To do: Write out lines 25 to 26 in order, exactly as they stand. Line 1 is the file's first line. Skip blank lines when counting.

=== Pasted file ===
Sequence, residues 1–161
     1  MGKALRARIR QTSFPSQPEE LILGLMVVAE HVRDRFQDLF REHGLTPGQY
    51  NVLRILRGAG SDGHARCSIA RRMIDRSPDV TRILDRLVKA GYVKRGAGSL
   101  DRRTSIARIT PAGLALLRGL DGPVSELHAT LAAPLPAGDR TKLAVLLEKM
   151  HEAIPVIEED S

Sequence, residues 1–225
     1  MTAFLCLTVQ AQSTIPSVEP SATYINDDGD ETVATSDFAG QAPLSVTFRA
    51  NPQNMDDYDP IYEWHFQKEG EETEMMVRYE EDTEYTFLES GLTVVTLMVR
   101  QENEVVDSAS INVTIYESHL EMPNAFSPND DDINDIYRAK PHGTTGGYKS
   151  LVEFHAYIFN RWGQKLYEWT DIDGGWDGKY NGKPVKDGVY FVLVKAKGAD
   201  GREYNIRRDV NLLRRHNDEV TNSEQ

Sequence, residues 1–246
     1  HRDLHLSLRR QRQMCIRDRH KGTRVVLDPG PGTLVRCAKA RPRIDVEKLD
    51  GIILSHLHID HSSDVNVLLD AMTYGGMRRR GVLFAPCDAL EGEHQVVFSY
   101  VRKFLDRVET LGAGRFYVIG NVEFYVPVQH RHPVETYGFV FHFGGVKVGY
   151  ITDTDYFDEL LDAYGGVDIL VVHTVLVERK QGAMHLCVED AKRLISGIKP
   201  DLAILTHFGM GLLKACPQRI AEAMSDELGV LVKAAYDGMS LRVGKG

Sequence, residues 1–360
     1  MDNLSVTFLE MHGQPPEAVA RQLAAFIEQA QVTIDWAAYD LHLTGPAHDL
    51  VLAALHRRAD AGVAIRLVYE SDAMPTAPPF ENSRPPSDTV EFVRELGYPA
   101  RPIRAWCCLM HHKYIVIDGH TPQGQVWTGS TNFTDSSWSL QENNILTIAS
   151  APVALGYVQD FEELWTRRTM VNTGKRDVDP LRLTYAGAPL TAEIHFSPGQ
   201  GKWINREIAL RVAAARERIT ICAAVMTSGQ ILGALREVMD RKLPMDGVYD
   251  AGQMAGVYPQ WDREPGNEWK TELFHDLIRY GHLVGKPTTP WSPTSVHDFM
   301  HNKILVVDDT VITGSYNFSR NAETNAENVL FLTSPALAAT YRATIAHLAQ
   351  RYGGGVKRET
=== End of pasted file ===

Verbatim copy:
   301  HNKILVVDDT VITGSYNFSR NAETNAENVL FLTSPALAAT YRATIAHLAQ
   351  RYGGGVKRET